Your Teenage Email Account Is a Lost Time Capsule
If you lose access to virtual memory spaces, some of your memories might go out with it
The internet is a time capsule. Like an external hard drive or a diary tucked under your mattress, the email accounts, instant messenger conversations, and blogs of our past hold nostalgic and sometimes even crucial memories. But just as an external hard drive is susceptible to file corruption and a diary might get lost in a move, we can lose access to that essential repository of memories. If you haven’t somehow preserved that information — by printing out important correspondences or forwarding your emails, for example — those memories could be lost in the ether, never to be experienced again.
“I desperately want to get into old emails to learn from my younger self, especially my more hopeful and excited writer self before the age of social networks,” says Teena Apeles, a writer based in Los Angeles. “I want to find my first ever email, I think in 1995. Who did I email? How different were those emails? How did we all communicate then?” Apeles did, in fact, think to print out several email threads before she lost access to her accounts, but they aren’t the ones she most wishes she could revisit.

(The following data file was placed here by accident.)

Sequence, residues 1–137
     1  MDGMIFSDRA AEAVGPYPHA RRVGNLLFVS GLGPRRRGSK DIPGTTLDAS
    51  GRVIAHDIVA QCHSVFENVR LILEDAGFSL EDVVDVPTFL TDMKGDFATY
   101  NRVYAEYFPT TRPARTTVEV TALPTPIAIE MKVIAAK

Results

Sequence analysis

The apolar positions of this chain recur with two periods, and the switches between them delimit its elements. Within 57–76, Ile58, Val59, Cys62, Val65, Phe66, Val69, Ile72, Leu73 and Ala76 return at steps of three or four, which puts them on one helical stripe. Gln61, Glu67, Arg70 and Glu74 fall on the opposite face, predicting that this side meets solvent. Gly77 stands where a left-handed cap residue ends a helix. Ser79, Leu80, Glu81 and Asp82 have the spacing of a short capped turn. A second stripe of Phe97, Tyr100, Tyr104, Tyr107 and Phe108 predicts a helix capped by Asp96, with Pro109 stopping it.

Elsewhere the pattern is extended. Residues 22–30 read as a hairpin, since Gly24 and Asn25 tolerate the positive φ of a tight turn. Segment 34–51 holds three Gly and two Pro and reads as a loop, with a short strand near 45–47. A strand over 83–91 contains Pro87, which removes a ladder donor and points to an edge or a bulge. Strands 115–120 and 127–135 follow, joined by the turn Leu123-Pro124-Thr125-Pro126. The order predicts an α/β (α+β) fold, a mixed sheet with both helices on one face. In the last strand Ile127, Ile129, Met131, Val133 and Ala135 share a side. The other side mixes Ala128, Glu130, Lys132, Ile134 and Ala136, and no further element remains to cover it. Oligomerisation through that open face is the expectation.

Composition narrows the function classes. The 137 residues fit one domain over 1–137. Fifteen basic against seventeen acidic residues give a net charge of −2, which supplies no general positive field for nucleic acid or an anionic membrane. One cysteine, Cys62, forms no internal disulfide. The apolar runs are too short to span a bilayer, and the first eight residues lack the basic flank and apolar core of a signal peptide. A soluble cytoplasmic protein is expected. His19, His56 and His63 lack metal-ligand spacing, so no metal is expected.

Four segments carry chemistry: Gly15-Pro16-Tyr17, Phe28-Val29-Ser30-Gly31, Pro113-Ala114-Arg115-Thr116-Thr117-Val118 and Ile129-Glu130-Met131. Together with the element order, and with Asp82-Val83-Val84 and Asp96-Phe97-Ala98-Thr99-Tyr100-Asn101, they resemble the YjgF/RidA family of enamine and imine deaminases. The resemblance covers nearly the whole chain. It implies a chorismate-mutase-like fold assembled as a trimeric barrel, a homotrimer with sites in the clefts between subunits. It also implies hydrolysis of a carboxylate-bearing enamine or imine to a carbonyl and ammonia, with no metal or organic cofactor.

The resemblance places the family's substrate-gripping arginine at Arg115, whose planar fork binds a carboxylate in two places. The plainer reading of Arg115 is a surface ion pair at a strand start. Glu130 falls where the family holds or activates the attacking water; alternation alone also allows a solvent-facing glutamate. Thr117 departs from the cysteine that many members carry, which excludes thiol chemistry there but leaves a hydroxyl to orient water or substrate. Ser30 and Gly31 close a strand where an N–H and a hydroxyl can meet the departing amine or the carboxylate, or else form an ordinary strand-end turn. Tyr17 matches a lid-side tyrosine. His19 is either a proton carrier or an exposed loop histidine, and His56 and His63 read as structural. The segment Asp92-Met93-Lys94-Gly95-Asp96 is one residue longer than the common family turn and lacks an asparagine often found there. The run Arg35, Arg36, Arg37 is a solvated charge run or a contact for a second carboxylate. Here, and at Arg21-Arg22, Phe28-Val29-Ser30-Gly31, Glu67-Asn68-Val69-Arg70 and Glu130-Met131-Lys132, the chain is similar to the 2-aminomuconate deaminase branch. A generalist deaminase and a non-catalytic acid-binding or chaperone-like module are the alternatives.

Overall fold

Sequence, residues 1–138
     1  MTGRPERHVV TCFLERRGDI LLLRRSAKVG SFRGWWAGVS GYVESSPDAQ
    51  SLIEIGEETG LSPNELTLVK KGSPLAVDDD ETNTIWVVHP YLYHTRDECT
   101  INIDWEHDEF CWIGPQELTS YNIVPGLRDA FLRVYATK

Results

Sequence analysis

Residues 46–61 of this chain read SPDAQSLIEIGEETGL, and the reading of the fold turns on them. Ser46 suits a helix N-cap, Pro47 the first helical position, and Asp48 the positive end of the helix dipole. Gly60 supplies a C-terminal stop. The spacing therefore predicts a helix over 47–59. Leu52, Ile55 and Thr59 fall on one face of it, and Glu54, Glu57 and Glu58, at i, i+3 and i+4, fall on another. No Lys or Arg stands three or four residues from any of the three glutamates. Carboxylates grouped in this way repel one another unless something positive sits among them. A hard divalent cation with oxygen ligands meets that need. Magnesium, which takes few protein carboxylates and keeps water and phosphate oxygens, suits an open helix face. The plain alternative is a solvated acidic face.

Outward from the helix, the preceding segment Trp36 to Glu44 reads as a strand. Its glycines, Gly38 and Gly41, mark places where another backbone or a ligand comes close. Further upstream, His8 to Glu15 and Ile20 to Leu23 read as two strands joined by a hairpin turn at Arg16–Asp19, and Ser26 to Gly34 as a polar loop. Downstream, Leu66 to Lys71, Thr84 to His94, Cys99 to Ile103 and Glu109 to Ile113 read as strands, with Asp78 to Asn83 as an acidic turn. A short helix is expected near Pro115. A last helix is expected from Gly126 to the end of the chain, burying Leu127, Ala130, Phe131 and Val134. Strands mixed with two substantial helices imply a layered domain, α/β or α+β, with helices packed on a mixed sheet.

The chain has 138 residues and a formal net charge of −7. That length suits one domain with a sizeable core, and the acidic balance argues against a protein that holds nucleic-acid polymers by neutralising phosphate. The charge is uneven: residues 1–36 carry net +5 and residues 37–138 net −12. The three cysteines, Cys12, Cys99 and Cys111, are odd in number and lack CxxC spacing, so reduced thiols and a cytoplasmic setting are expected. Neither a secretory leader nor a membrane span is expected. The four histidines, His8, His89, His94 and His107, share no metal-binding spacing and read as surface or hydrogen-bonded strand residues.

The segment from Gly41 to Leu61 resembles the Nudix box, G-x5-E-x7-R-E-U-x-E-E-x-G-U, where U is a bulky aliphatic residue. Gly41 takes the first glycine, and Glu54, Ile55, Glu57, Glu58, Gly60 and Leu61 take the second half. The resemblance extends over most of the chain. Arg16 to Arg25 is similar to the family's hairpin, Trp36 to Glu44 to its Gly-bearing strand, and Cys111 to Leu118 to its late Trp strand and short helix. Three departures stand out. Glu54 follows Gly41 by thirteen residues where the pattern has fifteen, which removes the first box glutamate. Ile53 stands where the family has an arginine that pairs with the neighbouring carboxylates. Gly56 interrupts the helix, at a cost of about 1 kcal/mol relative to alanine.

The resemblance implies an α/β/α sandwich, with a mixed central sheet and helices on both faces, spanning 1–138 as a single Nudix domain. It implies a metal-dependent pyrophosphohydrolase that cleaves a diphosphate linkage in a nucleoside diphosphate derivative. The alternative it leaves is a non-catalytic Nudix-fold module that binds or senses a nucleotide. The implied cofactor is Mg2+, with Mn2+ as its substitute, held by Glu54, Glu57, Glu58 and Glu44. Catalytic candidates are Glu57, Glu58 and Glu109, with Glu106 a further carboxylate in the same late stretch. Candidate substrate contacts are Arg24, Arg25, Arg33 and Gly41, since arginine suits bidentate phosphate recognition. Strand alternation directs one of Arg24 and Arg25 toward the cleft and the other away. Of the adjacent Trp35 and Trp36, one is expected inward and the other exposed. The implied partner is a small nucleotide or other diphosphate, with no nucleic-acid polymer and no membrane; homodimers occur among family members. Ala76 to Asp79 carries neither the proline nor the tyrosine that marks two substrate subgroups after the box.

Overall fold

The internet has weaseled itself into nearly every aspect of our communication, especially for people confined to their homes because of the pandemic. And because of the way technology has impacted our memory, losing access to that catalog of correspondence can mean those memories are essentially gone for good. As one colleague put it, it’s like “losing letters in a fire.”
While older generations — people who didn’t spend their adolescent years having hours-long conversations on AOL Instant Messenger — may have a decent reservoir of childhood memories, for those of us who did grow up online, our memories are more reliant on the platforms that hosted our young conversations and relationships. From nights spent gossiping on AIM or ICQ, diaries posted on LiveJournal and Xanga, and blossoming romances that took place in an antiquated Hotmail inbox, youth — for millennials and everyone younger — largely took place online. As more people follow in the footsteps of millennials by…